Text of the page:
Storytelling in Media

The fifth guideline from symmentropy focuses on the many different media forms that make storytelling something for everyone with many different talents.

Fifth rule of nonlinear storytelling

Storytelling in words, pictures, dance, music and everything you can think of.

By Lee McGavin


Walking with my artist continuously surprises me. It should not. I know she views the world as a visual cornucopia. Every rock, twig and blade of grass presents her with an opportunity to express her feelings. Subtleties of color and texture send her in flights of fancy. A ten minute walk can produce a basket of potential sculpture. Walking with her separates us by how we think and tell our stories. Our brains march to drummers from different orchestras. Hers throbs with color and shape, while mine beats steady rhythm of function and text. When we share our experience, we translate our reactions into stories that we can both understand. Our process is fundamentally human. Prehistoric cave paintings remind us that an essential element of humanity expresses itself through many different forms, but always returns the desire to share life.

The fifth guideline for symmentropy recognizes the human need to express ideas in a variety of forms, each with its own storytelling strengths and weaknesses. From dance to architecture, our dreams and nightmares tell the themes of the human condition. Each of us begins to recognize what form we prefer for expressing our stories. Some call it a talent and some, like my artist, call themselves “visual thinkers”. No matter what name we use, it impacts our relationships as our comfort with different story subjects derives from the skills that we employ to move our feelings into easily shared stories. A story that makes us uncomfortable in pictures, can bring us delight if we read as it text. We each have levels of storytelling capability that we learn to use.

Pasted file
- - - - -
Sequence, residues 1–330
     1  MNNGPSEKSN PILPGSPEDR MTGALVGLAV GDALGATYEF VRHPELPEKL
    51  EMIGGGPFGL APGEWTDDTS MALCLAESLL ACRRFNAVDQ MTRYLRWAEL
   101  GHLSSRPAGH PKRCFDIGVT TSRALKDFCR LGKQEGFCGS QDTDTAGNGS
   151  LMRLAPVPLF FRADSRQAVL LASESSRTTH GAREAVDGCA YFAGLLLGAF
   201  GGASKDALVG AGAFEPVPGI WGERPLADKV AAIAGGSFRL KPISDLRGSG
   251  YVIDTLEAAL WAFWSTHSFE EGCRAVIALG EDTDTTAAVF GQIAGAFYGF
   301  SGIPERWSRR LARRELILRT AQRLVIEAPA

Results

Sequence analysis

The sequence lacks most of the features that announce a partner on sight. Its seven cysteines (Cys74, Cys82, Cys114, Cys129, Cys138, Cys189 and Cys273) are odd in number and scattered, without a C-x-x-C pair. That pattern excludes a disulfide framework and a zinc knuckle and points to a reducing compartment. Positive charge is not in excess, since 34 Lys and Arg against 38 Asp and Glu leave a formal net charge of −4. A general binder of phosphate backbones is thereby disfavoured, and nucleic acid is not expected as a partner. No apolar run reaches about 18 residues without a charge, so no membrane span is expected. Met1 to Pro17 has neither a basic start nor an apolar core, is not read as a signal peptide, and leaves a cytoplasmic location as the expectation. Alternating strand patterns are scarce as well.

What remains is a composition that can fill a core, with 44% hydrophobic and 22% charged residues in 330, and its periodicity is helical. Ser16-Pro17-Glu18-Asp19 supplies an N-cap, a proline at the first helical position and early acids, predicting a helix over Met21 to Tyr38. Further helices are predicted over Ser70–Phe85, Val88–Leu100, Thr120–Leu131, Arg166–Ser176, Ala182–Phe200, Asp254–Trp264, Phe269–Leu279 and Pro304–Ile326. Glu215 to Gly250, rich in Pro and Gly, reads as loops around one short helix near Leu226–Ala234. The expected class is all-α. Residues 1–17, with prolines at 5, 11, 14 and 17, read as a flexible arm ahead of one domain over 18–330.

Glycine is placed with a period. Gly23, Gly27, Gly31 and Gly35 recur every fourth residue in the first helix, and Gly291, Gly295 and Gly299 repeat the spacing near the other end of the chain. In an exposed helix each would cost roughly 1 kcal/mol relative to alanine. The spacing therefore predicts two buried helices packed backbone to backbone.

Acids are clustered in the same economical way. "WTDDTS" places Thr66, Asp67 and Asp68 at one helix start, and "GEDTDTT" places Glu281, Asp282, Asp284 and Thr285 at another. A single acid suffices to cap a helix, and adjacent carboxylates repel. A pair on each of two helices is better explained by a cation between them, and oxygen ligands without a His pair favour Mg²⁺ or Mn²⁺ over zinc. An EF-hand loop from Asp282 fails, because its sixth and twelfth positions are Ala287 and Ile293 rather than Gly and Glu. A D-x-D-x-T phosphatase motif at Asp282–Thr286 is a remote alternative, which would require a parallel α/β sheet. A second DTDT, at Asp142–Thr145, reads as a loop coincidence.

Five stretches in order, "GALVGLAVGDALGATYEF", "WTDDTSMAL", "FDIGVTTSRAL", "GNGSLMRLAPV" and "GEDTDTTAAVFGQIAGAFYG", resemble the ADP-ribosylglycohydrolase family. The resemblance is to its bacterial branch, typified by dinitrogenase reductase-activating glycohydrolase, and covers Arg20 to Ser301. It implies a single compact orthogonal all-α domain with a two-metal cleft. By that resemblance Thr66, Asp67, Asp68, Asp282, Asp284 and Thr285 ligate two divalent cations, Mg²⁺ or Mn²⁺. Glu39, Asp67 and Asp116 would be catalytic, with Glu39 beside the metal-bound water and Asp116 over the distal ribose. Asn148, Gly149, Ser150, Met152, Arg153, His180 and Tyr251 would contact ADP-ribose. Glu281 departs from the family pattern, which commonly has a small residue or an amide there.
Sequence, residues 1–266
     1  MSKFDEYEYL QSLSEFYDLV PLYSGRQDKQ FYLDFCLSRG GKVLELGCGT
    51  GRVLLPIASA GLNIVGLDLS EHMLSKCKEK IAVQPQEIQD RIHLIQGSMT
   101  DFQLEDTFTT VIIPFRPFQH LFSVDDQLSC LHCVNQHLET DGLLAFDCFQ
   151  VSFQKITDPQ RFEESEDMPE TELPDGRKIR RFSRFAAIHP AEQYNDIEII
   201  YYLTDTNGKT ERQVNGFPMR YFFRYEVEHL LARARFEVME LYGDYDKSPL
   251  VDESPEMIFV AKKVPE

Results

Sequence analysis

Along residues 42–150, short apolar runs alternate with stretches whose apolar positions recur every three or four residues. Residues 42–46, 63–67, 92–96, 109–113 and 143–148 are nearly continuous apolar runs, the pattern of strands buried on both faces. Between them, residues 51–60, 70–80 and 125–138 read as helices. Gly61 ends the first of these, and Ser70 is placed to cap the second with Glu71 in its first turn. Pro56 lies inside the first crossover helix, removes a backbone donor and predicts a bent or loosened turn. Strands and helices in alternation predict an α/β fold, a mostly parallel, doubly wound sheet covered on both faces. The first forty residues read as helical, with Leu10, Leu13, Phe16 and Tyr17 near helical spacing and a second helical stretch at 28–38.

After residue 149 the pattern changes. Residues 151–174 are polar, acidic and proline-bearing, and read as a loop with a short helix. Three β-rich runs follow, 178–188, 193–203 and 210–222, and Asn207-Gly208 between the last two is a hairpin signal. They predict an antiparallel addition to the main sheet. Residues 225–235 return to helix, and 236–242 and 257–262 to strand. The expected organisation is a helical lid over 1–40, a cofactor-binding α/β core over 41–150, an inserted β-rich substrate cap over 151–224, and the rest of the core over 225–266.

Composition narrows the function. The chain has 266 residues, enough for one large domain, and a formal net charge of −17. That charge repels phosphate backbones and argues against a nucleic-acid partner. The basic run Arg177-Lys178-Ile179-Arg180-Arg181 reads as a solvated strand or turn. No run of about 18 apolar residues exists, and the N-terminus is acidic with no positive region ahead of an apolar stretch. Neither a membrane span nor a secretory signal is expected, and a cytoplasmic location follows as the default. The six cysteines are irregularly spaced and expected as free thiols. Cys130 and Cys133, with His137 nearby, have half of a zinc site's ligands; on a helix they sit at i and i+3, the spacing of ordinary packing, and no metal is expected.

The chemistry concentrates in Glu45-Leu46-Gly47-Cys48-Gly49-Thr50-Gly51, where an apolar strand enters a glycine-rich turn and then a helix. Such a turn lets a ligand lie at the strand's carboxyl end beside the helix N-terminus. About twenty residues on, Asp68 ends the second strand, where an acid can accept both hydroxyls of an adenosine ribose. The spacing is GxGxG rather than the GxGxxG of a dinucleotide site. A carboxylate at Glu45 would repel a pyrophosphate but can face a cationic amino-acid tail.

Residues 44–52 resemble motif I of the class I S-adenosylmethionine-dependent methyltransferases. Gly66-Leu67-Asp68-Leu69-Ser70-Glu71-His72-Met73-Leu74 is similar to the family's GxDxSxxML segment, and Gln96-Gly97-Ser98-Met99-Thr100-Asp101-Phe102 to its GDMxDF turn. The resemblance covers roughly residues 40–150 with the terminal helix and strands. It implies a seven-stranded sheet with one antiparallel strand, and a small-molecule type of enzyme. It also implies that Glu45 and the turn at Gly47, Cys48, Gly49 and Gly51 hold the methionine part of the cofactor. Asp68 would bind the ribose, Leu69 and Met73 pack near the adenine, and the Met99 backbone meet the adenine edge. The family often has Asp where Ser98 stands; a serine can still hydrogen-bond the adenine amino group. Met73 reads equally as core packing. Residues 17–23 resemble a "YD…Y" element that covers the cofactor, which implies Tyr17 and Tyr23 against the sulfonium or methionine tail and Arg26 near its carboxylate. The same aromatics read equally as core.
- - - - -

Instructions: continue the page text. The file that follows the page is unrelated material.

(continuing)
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From "Off the Couch"

I taught dozens of public speaking courses, often to students who would rather be going to the dentist than address even an audience of fellow students. With each class, I watched their first presentation looking for signs of panic. I wanted to be ready with water or a fan in case of hyperventilation that could lead to fainting. I never had a student collapse, but many got to sit down and get their breathing under control before continuing. Part of the goal of the class is to help students find ways to control their nerves while speaking, so I watched pretty carefully to get a sense of my students.

I was teaching a course at an extension center located on an Air Force base and several of the students were taking the class instead of a lunch hour before returning to their jobs. One charming young woman left the office of the Commanding General where she was his administrative assistant. Each day she would arrive in the conservative attire that fit such a position. On the day of her first speech, she was wearing a suit, matching jacket and skirt that came to her knees. She also had a scarf around her neck and tucked into the jacket.

She began talking about the advantages of weight lifting for exercise and muscle tone rather than building muscle bulk. She appeared to be a little nervous but controlled, so I started paying attention to her talk not her potential for becoming unconscious. Looking at her face, it was impossible to not notice the nervous rash that began crawling up out of her scarf. It took less than a minute to climb her neck and spread toward her ear. While I began to think about where I could find a first aid kit, she told the audience how confident she felt after a year of working out with weights. In my view, the rash consuming her neck did not look very confident.

Before I had a chance to consider this contradiction any further, she pulled the scarf from her neck so we could all see that the rash indeed went down past her collar bone. As she unbuttoned her jacket, she told us her increased confidence led to her part time job as a “ring girl” for boxing matches. The main responsibility for a ring girl is to look really good in a really small bikini while she walks around the ring holding up a sign that announces what round is about to start. She continued her explanation and her business like stripping without missing a beat in her presentation. She finished her speech wearing only a bikini (tiny) and heels (high).